• The instantaneous velocity at time t is the slope
    of the line that is tangent to the
    position-versus-time graph at time t.

Slide 2-33
9
A Little Calculus Derivatives
  • ds/dt is called the derivative of s with respect
    to t.
  • ds/dt is the slope of the line that is tangent to
    the position-versus-time graph.
  • Consider a function u that depends on time as u
    ? ctn, where c and n are constants
  • The derivative of a constant is zero
  • The derivative of a sum is the sum of the
    derivatives. If u and w are two separate
    functions of time, then

Slide 2-46
10
Derivative Example
  • Suppose the position of a particle as a function
    of time is s 2t2 m where t is in s. What is the
    particles velocity?
  • Velocity is the derivative of s with respect to
    t
  • The figure shows the particles position and
    velocity graphs.
  • The value of the velocity graph at any instant
    of time is the slope of the position graph at
    that same time.

Slide 2-47
11
Finding Position from Velocity
  • Suppose we know an objects position to be si at
    an initial time ti.
  • We also know the velocity as a function of time
    between ti and some later time tf.
  • Even if the velocity is not constant, we can
    divide the motion into N steps in which it is
    approximately constant, and compute the final
    position as
  • The curlicue symbol is called an integral.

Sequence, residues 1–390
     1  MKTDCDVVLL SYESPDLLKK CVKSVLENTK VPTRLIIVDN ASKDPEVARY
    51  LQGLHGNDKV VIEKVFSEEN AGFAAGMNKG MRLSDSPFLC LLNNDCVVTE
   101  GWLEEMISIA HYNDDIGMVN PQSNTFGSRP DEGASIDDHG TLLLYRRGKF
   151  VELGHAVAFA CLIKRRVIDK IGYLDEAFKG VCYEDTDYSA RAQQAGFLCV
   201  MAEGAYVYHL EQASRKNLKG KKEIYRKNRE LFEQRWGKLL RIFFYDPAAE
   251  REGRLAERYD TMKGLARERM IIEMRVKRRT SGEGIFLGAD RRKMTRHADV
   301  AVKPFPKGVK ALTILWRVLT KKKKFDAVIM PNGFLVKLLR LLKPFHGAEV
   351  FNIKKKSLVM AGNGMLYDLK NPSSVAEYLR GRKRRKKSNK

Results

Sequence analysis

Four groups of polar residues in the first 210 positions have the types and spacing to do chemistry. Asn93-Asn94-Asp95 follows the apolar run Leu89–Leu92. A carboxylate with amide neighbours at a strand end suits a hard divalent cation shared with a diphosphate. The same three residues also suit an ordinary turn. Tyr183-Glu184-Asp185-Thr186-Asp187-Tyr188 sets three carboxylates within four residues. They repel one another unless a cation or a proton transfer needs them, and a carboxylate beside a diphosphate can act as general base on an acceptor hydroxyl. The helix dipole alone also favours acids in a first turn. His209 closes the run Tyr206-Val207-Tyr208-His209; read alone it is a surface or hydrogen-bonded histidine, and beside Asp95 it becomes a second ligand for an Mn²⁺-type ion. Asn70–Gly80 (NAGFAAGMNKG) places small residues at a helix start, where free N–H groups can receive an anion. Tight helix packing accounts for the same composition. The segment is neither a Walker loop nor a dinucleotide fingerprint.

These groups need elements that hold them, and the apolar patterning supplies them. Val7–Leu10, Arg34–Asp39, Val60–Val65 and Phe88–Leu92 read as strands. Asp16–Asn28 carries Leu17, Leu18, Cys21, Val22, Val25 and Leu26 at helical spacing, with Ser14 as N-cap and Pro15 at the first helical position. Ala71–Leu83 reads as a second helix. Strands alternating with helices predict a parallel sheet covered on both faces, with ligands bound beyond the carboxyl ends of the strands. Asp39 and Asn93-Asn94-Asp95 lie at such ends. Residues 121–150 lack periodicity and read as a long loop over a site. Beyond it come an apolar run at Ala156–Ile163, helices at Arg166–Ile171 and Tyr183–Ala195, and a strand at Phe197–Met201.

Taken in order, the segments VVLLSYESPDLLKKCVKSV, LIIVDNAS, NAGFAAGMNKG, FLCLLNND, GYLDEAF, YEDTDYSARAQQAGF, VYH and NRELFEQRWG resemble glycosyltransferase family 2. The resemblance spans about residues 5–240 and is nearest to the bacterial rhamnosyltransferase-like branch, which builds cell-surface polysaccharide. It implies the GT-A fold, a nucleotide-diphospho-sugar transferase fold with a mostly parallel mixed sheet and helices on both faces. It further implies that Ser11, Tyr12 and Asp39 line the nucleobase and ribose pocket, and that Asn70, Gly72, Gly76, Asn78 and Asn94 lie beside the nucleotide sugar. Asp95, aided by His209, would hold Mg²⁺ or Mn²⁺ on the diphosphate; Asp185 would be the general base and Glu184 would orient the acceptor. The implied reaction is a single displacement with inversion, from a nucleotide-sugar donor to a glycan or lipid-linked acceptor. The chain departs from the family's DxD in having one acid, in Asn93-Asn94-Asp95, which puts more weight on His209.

• The expression on the right is read, the
    integral of vs dt from ti to tf.

Slide 2-54
12
Finding Position From Velocity
  • The integral may be interpreted graphically as
    the total area enclosed between the t-axis and
    the velocity curve.
  • The total displacement ?s is called the area
    under the curve.

Slide 2-55
13
Example 2.6 The Displacement During a Drag Race
Slide 2-58
14
A Little More Calculus Integrals
  • Taking the derivative of a function is equivalent
    to finding the slope of a graph of the function.
  • Similarly, evaluating an integral is equivalent
    to finding the area under a graph of the
    function.
  • Consider a function u that depends on time as u ?
    ctn, where c and n are constants
  • The vertical bar in the third step means the
    integral evaluated at tf minus the integral
    evaluated at ti.
  • The integral of a sum is the sum of the
    integrals. If u and w are two separate functions
    of time, then

Slide 2-60
15
Motion with Constant Acceleration
  • The SI units of acceleration are (m/s)/s, or
    m/s2.
  • It is the rate of change of velocity and measures
    how quickly or slowly an objects velocity
    changes.
  • The average acceleration during a time interval
    ?t is
  • Graphically, aavg is the slope of a straight-line
    velocity-versus-time graph.
  • If acceleration is constant, the acceleration as
    is the same as aavg.
  • Acceleration, like velocity, is a vector quantity
    and has both magnitude and direction.

Slide 2-64
16
The Kinematic Equations of Constant Acceleration
  • Suppose we know an objects velocity to be vis at
    an initial time ti.
  • We also know the object has a constant
    acceleration of as over the time interval ?t ? tf
    - ti.
  • We can then find the objects velocity at the